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Unless you just woke from a coma, then you know that this is not an average flu season for the United States. In fact, it has actually been pretty rotten for a lot of people so far, with numerous reports of tragic deaths and of hospitals being inundated with patients seeking medical attention. Alabama has even declared a state of emergency to help deal with the surge in severely affected patients and overloaded healthcare facilities. But is the media’s flumaggedon frenzy a reasonable reaction?

Breaking down the season so far

The 2017-2018 flu season is certainly bad. Not 1918 Spanish flu pandemic bad, when 3-5% of the world population died as a result of the infection, but still pretty awful. It’s looking to be at least as bad as 2014-2015, the last severe (“moderately severe” per the CDC) season. But if the current pace of flu incidence and severity continues for much longer, it will easily be the worst in over a decade.

How long each season lasts varies significantly. Peak flu activity typically occurs most seasons at some point in December through February. The 2014-2015 season, for example, peaked in January. The current season has continued to be robust into February with only a “glimmer of hope”, per CDC officials, out of the West now that Oregon has joined Hawaii in no longer reporting widespread activity.

According to the latest data from the CDC, which covers the week ending on January 27th, the percentage of people presenting to a healthcare provider with a flu-like illness, at just over 7% of the population, is on par with what we experienced during the 2009 Swine flu pandemic, which started unusually early and peaked in October. That year, a novel flu strain emerged that caused more than the typical number of deaths in younger patients, presumably because of less immune response compared to older people who had been around during outbreaks of similar strains, but was overall not as severe as it had the potential to be.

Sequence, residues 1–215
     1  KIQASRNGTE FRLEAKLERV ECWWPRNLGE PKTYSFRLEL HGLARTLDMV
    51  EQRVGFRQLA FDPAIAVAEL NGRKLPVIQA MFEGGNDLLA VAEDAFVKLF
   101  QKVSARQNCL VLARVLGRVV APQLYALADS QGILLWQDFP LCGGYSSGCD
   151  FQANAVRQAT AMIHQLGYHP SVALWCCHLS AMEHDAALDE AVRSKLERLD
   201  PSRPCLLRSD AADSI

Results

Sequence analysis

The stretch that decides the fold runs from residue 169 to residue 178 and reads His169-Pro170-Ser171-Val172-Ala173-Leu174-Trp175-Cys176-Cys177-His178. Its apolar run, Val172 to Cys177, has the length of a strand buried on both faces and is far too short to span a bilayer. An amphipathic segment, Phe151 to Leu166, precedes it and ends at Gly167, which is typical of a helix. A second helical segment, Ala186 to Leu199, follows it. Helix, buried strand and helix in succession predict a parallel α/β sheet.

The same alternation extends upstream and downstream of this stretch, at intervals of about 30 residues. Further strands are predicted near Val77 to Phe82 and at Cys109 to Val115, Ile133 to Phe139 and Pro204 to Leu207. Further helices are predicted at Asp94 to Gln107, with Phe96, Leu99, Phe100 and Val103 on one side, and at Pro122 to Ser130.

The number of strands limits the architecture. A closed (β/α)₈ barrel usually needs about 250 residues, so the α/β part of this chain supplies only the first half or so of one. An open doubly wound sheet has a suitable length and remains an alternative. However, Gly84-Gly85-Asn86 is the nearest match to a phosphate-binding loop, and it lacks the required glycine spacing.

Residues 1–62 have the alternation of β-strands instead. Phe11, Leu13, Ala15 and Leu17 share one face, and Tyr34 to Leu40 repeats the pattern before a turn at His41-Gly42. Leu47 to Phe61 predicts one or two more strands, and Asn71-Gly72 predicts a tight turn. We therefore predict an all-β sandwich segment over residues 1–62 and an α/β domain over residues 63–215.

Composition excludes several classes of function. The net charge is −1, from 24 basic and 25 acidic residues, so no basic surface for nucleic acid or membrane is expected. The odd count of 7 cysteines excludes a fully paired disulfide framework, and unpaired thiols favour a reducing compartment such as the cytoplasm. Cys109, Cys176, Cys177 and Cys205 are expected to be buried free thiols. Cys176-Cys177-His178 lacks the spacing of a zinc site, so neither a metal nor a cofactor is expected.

The overall hospitalization rate is also higher than what is typically seen, and has also been on track with the 2014-2015 season. Since October, there have been at least 14,676 admissions involving laboratory-confirmed influenza, with many more admitted for flu-like illnesses and complications. The CDC data further reveals that 51 out of every 100,000 people in the United States has required hospital care so far this season. As would be expected, the likelihood of more severe disease, and thus the need for hospitalization, is higher in people over age 64 (227 per 100,000), who are more likely to have underlying health concerns, and lower in the generally healthy pediatric population. Still, more than 30 young children (0-4 years) per 100,000 have had a hospital stay so far.

What about all the reports of dead children?

The news outlets have put out many articles over the past few weeks that have covered tragic flu deaths, typically involving healthy children. This NPR article from last week is one of the weaker examples, combining anxiety provoking information without proper context. There is also a questionable nugget of advice to parents from Dr. Anne Schuchat, the acting director of the CDC, mixed in with what are otherwise reasonable observations on assessing a child’s clinical status at home. Parents should not be overly concerned just because of a high fever, however, which is not a helpful indication of illness severity in isolation.